Blog

Latest posts

Jun 23, 2016

Should Companies Prepare For Their Employees To Live To 100? — By Gwen Moran | Fast Company

Posted by in categories: business, life extension

3061166-poster-p-1-should-companies-prepare-for-their-employees-to-live-to-100

“People are increasingly living past 100. That means some big changes for the future of work”

Read more

Jun 23, 2016

Oculus Rift vs. HTC Vive: What we’ve learned after the reviews — By Devindra Hardawar | Engadget

Posted by in category: virtual reality

q-80

“Alternatively, you could just avoid this entire first batch of VR hardware altogether.”

Read more

Jun 23, 2016

Wild Transhumanist Campaign Tech We’ll See in Future Presidential Elections

Posted by in categories: augmented reality, drones, geopolitics, law, robotics/AI, transhumanism, virtual reality

My new story for Vice Motherboard on the future of political campaining:


Lest we think future elections are all about the candidates, perhaps the largest possibility on the horizon could come from digital direct democracy—the concept where citizens participate in real time input in the government. I gently advocate for a fourth branch of government, in which the people can vote on issues that matter to them and their decrees could have real legal consequence on Congress, the Supreme Court, and the Presidency.

Of course, that’s only if government even exists anymore. It’s possible the coming age of artificial intelligence and robots may replace the need for politicians. At least human ones. Some experts think superintelligent AI might be here in 10 to 15 years, so why not have a robot president that is totally altruistic and not susceptible to lobbyists and personal desires? This machine leader would simply always calculate the greatest good for the greatest amount of people, and go with that. No more Republicans, Democrats, Libertarians, Greens, or whatever else we are.

Continue reading “Wild Transhumanist Campaign Tech We’ll See in Future Presidential Elections” »

Jun 23, 2016

Simulations of a Solitary Hallucination

Posted by in category: futurism

Matt Mullican’s virtual worlds.

Jun 23, 2016

A Brief Explanation of Planck’s Constant and the Birth of Quantum Physics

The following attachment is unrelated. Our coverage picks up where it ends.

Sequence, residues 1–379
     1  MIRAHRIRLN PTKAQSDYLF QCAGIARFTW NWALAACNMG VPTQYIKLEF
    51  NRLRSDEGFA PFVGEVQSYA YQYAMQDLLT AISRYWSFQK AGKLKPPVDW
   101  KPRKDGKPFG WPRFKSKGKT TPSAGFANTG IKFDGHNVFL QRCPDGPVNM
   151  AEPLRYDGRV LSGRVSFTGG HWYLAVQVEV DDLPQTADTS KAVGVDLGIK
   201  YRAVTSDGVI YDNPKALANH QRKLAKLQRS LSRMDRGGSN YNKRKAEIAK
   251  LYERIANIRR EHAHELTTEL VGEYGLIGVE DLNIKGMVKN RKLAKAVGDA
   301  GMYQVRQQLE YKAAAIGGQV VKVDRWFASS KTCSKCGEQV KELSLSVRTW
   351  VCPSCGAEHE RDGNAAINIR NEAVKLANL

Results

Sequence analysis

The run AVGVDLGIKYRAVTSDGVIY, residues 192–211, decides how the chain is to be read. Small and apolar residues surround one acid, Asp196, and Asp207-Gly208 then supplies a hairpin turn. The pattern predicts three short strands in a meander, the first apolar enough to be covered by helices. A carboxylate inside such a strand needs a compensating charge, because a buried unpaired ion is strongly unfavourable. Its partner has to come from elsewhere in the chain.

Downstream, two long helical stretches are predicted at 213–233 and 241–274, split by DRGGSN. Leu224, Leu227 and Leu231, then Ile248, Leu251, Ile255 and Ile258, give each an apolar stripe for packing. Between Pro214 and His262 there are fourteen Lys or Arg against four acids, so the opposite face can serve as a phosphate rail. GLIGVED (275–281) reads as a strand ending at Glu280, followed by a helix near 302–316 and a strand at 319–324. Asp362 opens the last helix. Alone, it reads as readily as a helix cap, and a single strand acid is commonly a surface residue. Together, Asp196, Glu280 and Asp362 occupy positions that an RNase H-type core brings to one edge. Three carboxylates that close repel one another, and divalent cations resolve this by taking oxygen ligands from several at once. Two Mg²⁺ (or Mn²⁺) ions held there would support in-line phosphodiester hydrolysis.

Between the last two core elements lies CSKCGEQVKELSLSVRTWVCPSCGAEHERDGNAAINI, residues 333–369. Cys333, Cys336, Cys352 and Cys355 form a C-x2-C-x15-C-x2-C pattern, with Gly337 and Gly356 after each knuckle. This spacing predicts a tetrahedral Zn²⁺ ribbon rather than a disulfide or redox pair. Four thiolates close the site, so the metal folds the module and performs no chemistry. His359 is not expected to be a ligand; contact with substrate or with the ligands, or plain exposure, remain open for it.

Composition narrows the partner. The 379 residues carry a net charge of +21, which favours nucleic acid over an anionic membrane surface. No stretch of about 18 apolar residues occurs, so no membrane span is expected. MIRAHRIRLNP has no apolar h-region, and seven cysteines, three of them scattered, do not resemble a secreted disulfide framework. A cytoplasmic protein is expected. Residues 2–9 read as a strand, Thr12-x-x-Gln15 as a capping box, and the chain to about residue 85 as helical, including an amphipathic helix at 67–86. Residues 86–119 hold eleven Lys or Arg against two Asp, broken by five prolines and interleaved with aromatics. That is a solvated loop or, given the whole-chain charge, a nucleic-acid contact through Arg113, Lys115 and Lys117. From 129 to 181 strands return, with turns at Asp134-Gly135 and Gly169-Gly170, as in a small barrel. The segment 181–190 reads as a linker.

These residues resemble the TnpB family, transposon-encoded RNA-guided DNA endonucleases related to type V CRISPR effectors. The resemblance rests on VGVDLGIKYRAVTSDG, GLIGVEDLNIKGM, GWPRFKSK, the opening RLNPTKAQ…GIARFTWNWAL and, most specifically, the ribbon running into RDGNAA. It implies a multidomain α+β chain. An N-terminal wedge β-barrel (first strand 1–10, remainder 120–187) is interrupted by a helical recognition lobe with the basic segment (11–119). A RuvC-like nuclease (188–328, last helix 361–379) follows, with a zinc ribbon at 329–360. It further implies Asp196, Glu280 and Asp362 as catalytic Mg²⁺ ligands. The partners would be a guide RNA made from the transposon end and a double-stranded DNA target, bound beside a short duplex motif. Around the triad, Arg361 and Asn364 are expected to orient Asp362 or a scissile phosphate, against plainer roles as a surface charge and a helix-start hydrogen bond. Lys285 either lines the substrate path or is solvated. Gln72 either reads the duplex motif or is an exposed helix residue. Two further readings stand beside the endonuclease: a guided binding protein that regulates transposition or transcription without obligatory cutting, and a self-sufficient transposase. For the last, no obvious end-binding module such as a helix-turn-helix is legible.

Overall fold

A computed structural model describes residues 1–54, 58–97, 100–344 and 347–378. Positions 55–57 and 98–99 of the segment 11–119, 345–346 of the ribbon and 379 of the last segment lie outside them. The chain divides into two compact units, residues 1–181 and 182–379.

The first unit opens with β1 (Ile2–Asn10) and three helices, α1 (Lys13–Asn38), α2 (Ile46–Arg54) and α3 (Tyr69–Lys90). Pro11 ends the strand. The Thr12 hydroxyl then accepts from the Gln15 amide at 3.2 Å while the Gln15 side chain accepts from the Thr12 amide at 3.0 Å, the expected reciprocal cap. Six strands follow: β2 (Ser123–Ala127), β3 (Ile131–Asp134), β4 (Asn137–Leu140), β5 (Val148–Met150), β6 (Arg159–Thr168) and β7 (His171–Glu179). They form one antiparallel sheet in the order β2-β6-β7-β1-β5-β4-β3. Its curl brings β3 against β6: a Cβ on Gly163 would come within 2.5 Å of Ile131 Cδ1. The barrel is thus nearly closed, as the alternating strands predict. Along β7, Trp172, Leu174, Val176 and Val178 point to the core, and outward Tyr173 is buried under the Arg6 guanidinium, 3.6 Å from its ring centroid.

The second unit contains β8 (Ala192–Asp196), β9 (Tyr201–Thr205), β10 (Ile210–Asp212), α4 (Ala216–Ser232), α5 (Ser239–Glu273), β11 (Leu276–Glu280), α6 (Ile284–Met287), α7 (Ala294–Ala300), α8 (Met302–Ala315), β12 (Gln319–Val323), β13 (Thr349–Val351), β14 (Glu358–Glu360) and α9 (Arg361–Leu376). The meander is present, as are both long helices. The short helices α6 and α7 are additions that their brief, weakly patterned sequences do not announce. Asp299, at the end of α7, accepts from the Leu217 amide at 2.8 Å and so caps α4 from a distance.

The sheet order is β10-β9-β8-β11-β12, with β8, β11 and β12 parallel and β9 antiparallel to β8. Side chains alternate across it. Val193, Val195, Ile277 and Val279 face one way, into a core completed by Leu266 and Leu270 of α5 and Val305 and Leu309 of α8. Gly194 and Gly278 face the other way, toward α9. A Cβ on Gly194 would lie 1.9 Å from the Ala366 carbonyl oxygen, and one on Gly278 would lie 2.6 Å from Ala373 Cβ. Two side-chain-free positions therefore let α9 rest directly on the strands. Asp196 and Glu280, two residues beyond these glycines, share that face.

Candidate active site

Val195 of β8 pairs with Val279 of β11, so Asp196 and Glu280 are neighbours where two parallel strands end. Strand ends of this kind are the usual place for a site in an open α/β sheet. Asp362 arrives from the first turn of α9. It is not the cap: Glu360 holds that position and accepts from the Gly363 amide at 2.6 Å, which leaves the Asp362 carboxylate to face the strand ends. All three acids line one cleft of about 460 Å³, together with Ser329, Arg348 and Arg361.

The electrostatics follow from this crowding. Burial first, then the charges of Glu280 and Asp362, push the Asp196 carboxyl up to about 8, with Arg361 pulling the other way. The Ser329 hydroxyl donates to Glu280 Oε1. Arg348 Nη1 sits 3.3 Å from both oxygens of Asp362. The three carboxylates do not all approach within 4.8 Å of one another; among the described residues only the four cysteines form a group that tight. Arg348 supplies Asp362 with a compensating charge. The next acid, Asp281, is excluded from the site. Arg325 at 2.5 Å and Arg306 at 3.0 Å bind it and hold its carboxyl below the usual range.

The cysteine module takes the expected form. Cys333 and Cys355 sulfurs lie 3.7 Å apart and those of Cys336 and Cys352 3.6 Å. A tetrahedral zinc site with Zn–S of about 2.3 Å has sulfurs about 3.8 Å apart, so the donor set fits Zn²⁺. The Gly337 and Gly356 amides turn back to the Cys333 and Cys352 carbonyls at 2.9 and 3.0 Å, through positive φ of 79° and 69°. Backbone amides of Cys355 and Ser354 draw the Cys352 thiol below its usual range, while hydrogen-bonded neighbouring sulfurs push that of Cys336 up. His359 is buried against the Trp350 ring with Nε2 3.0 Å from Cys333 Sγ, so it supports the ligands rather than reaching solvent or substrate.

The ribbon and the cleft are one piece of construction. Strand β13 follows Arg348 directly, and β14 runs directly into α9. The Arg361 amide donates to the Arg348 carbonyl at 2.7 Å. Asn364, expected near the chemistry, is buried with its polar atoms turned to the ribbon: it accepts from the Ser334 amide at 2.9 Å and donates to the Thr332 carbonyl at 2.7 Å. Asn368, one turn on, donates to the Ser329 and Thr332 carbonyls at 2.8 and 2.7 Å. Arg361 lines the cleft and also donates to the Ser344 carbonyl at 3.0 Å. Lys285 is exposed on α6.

Posted by in category: quantum physics

Planck’s constant put the “quantum” in “quantum mechanics.”

Jun 23, 2016

Physicists create a high-precision ‘quantum ruler’

Posted by in categories: engineering, quantum physics

Physicists from the Russian Quantum Center (RQC), MIPT, the Lebedev Physical Institute, and L’Institut d’Optique (Palaiseau, France) have devised a method for creating a special quantum entangled state. This state enables producing a high-precision ruler capable of measuring large distances to an accuracy of billionths of a metre. The results of the study have been published in Nature Communications (“Loss-tolerant state engineering for quantum-enhanced metrology via the reverse Hong–Ou–Mandel effect”).

“This technique will enable us to use quantum effects to increase the accuracy of measuring the distance between observers that are separated from one another by a medium with losses. In this type of medium, quantum features of light are easily destroyed,” says Alexander Lvovsky, a co-author of the paper, the head of the RQC scientific team that conducted the research, and a professor of the University of Calgary.

Alexander Ulanov in the Laboratory of quantum optics in RQC

Continue reading “Physicists create a high-precision ‘quantum ruler’” »

Jun 23, 2016

How molecules can do statistics

Posted by in categories: bioengineering, biological, genetics

Mobile phones have become commonplace. Modern communication devices like mobile phones need to exchange huge amounts of information. However, what is hidden underneath the elegantly shaped plastic casings is quickly forgotten: Complex signal processors constantly fighting against noise and steadily adapting themselves to changing environment.